When writing software it always good practice to keep an eye on how much resources will be used by our code at run time. Resources are for example time, memory, disks space, battery power etc. etc.
Measuring resource usage at run time is called Profiling. Specifically in this article I will be addressing Time Profiling.
If you work on Apple platforms you should be familiar with Instruments. The Time Profiler within Instruments is at your disposal to help you analyze where your application is spending most of it’s cpu time and eliminate bottlenecks.
In this article however I will not be dealing with the Time Profiler at all. An overview tutorial on how to use the Time Profiler is available here: iOS SDK: Time Profiling with Instruments.
Instead I will present a quicker solution to answer the question: “How long will this take?”. This solution can be used while developing (e.g. for sanity checks) or if you need a permanent log every time your code runs (e.g. in debug builds).
The basic functionality needed to time the execution of a certain piece of code is very similar to the one of a stop watch.
##Replicating a Stop Watch
A stop watch at it’s most basic functionality has the following interface:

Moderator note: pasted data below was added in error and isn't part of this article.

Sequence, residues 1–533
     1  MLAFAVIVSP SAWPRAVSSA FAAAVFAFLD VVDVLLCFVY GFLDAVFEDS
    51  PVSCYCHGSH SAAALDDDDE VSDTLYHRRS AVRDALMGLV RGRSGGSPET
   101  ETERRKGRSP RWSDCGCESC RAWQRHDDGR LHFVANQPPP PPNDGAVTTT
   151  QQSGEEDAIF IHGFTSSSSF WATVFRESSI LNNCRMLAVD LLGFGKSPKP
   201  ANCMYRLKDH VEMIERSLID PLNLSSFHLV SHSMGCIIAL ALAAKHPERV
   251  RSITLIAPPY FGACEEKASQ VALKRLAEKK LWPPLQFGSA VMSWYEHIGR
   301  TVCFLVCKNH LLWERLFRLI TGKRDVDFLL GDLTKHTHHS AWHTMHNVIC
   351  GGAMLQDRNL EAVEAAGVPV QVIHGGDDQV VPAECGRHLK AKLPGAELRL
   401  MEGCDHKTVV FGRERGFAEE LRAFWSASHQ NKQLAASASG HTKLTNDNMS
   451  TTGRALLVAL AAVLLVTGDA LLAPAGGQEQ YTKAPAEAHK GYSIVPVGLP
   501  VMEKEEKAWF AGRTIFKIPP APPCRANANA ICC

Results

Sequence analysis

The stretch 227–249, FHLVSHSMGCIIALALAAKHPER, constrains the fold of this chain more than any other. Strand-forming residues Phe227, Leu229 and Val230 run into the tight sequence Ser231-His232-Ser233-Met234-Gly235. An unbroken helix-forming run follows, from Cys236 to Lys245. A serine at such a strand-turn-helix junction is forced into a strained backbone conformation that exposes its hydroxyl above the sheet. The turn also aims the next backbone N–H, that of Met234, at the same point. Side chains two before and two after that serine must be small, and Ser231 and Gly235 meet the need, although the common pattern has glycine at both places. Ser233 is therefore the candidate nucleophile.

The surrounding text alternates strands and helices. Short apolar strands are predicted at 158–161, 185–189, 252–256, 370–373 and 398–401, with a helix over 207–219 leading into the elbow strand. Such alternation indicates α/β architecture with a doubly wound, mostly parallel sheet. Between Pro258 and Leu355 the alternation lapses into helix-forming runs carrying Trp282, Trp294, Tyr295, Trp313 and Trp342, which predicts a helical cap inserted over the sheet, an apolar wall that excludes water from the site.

- Start Timer
- Stop Timer
Some stop watches allow you to start an stop multiple timers, which translates to:
- Start Timer for event
- Stop Timer for event
That looks pretty simple and should be enough to help us answer our “How long will this take?” question.
However we can keep thing even more simple, and avoid dealing with timers all together. We’re instead just going to log the start/stop time of an event. This will be the base for our stop watch.
In code it will look as follows:
A Stop Watch Event
Since we’re going to base our timing on measuring the difference between start/stop time of an event, it’s pretty clear that
we need to have at least 2 properties in our
- A start time
- A stop time
To be as accurate as possible, we’re going to get the time information expressed as time units in the system’s time reference frame. On iOS we can simply use mach_absolute_time() to do so.
To these two properties we’re going to add a third one to know in what state a stop watch event is. This is the state of the stop watch event.
A Stop Watch
Dealing with raw stop watch events would mean that we would have to keep a reference around for every event that we want to time. That is going to be pretty inconvenient if what we want to profile starts in a certain part of our application and end in at a completely different point in the code. Passing the reference of that particular event around is going to be annoying.
For this purpose we’re going to create a
StopWatch class to store all the events. We’re also going to use this class to start and stop events
without having to create a
At the bare minimum our StopWatch class is going to look as follows:
Give me the code
My implementation of a StopWatch written in Swift 1.2 is available at https://github.com/blender/stopwatch. It supports starting, stopping, restarting, removing (one, all) event(s).